When it comes to your firm’s malpractice insurance, it pays to shop around.

All professional liability policies are not the same, according to Ken Mackunis, executive vice president of Aon Affinity and program manager for the AICPA Professional Liability Insurance Program. When examining a policy, it is important to consider the full program, he indicated, including its commitment around claims services, underwriting, eligibility and its investment in resources to help advise firms.

Differences in coverage are particularly seen in cyber-exposure, Mackunis indicated. “A standard policy will provide some degree of coverage. In this case, the insured has to be sensitive to how it affects professional liability limits,” he said. The second way is by endorsement. “There may be an additional premium for this, but it gives the policyholder a choice to add to the policy, and address concerns. The third way is to buy a separate, standalone cyber policy that is built to address particular exposures.”

(For more details on policy coverage, see our 2016 Buyer's Guide to Malpractice Coverage.)



Firms of all sizes continue to be plagued by ransomware, according to Camico loss prevention executive Randy Werner, CPA, Esq. “It enters computer systems via a clicked hyperlink or attachment or a typed password,” she said. “Ransomware encrypts all files and demands the payment of ransom to decrypt the files. A major problem is that paying the ransom is no guarantee that the cybercriminal will actually decrypt the files.”

“Cyber insurance coverage should include risk and legal advisory services to guide investigations, ensure compliance with the laws that apply, and protect confidential communications and information,” she added.

“Social engineering has everyone’s attention,” agreed Kyle Nieman, president of AmerInst Professional Services. “These types of claims are starting to come to accounting firms and law firms. Be aware of scams out there where the perpetrator contacts the CPA firm to send funds somewhere. Make sure that the firm has protocols in place to validate the legitimacy of these requests.”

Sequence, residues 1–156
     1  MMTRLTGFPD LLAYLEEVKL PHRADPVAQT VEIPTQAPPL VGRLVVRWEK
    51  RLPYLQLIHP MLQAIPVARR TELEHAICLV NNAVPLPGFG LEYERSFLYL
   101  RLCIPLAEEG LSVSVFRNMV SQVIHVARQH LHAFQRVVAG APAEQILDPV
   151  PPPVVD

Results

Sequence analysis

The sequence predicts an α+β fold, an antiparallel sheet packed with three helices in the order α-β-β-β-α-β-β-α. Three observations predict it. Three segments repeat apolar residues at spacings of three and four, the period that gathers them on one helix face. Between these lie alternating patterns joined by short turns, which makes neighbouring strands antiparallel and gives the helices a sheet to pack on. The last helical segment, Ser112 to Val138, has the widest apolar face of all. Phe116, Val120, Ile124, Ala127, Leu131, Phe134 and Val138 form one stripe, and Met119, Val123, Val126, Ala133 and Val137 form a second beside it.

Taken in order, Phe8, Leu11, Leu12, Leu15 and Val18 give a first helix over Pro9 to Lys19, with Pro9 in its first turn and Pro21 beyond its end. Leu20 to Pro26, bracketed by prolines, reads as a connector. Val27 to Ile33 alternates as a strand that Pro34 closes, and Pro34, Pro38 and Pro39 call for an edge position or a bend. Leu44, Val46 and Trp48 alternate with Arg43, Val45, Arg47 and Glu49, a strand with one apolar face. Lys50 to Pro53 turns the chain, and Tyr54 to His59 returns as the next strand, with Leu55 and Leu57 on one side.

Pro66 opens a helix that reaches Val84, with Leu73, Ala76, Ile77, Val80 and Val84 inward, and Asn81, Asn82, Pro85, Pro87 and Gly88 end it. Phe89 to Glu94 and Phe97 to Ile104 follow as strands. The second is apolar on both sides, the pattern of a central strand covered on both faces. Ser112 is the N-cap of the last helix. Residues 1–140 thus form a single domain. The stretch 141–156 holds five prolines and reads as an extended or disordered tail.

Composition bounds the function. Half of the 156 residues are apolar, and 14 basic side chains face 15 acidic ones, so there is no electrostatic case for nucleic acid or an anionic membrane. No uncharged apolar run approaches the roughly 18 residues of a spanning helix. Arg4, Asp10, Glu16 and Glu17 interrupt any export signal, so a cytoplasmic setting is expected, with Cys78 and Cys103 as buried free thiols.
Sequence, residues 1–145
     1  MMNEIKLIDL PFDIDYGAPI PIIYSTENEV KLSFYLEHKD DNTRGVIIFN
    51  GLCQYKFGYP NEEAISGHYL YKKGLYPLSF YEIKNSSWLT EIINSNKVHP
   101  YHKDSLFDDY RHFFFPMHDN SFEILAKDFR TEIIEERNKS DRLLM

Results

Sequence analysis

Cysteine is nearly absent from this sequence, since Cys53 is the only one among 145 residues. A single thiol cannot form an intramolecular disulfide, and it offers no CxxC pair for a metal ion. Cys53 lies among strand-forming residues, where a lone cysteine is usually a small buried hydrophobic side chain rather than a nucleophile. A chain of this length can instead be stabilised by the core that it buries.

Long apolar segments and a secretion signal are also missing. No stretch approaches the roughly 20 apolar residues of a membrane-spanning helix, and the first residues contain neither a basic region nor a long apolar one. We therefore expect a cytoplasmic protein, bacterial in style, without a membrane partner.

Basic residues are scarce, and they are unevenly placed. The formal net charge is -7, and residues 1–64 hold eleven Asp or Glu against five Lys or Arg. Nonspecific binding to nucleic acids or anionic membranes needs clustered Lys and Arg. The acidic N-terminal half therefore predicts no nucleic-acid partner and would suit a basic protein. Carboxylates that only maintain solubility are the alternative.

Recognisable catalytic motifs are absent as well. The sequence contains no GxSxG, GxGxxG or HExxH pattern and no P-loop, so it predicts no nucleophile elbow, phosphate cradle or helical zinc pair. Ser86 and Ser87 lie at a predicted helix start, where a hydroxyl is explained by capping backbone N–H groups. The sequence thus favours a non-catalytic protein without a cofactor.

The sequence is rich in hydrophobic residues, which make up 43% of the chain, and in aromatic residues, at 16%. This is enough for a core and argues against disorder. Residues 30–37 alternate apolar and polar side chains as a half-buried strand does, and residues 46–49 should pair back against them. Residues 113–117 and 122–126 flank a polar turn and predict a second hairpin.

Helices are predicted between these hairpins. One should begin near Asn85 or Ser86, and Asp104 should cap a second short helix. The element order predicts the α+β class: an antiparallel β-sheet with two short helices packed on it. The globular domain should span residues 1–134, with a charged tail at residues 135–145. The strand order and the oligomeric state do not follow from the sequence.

As more CPAs are retiring and selling their practices, they need to understand the options they need for insurance coverage in the future. “The practitioner who is selling needs to purchase an extended reporting period, to cover any claims that may come in the future. And the buyer should also make sure that the seller has done this to make sure they’re not picking up any liability for the practice they’ve just purchased,” Nieman said.

“We still see more claims arising out of tax matters than any other area of practice,” said Kim Stone-Vilim, program manager at All Risks Ltd. “But the largest amount of liability continues to be in audit.”

Phishing schemes involving CPA firms are becoming more sophisticated, according to Stone-Vilim. “Many of them now include a text message number that the recipient believes will verify the claim. The CPA needs to pick up the phone and make a personal call to the client to verify any request that funds be sent,” she said.

“Professional liability risk for CPAs is ever-evolving, and with the unusual exposure created by increased use of technology and expansion of professional services, the insurance industry is striving to keep pace,” observed Ricard Jorgensen, president of Jorgensen & Co. “We have added an enhanced cyber endorsement,” among other enhancements.

“For a long time, there was the perception that CPA firms were not the target for cyber breaches,” said John Raspante, director of risk management for liability insurance broker NAPLIA (North American Professional Liability Insurance Agency). “There was the attitude that, ‘Oh, we’ll think about it, maybe our policy provides some protection.’ But last tax season, several hit the news, so they’re starting to be a little more on the radar screen.”



The majority of CPAs think that all policies are the same, Raspante indicated, but it could take a partner or firm administrator as many as six weeks to do a thorough job of evaluating different policies. “The last thing you want is to buy a policy and think you have $2 million in coverage, but find out that if a claim arises from a publicly traded company the coverage is only $1 million. You have to actually read the 36- or 40-page policy. “

Ron Parisi, CPA, Esq., a former liability insurance company executive and a CPA risk management and liability consultant, agreed. “While many base policies work similarly, it is important to match your firm risks to the coverage. Carriers are often willing to endorse — expand or change — coverage for your specific risks.” And it is crucial to review exclusions in the policy, he warned: “For example, the policy might exclude CFO services, claims resulting from suing clients for unpaid fees, and back-office services where professionals have check-writing abilities.”

“More carriers are entering into the accountants liability space,” he said. “But buyers should be wary of carriers without extensive accounting liability experience. It is important that your carrier be able to bring expert resources when you have an issue. An experienced claims adjuster, attorney and litigation expert can make a big difference.”

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